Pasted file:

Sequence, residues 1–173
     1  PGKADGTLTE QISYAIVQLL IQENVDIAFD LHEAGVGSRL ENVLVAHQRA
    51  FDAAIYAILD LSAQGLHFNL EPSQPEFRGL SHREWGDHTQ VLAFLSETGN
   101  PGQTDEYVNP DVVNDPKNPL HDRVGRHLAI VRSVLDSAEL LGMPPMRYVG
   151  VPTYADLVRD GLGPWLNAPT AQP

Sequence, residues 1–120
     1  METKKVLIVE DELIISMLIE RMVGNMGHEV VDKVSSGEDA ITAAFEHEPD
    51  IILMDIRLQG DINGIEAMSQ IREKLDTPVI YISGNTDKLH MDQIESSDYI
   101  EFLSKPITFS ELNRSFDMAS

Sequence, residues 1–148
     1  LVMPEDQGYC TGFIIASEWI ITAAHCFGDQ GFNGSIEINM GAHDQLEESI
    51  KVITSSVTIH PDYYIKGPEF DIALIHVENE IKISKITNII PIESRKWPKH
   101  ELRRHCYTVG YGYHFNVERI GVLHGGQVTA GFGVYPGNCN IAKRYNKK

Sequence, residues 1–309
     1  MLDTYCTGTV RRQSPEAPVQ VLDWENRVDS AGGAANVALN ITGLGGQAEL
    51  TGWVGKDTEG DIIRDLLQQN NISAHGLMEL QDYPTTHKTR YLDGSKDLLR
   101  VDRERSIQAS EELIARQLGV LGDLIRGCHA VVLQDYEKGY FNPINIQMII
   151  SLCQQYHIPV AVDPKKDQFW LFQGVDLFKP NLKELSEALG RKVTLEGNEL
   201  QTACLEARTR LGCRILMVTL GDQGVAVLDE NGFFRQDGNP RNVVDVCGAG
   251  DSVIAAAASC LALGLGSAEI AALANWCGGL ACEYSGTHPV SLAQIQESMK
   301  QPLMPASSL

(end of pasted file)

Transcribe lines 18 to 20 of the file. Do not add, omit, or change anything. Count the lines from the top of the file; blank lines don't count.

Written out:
   151  SLCQQYHIPV AVDPKKDQFW LFQGVDLFKP NLKELSEALG RKVTLEGNEL
   201  QTACLEARTR LGCRILMVTL GDQGVAVLDE NGFFRQDGNP RNVVDVCGAG
   251  DSVIAAAASC LALGLGSAEI AALANWCGGL ACEYSGTHPV SLAQIQESMK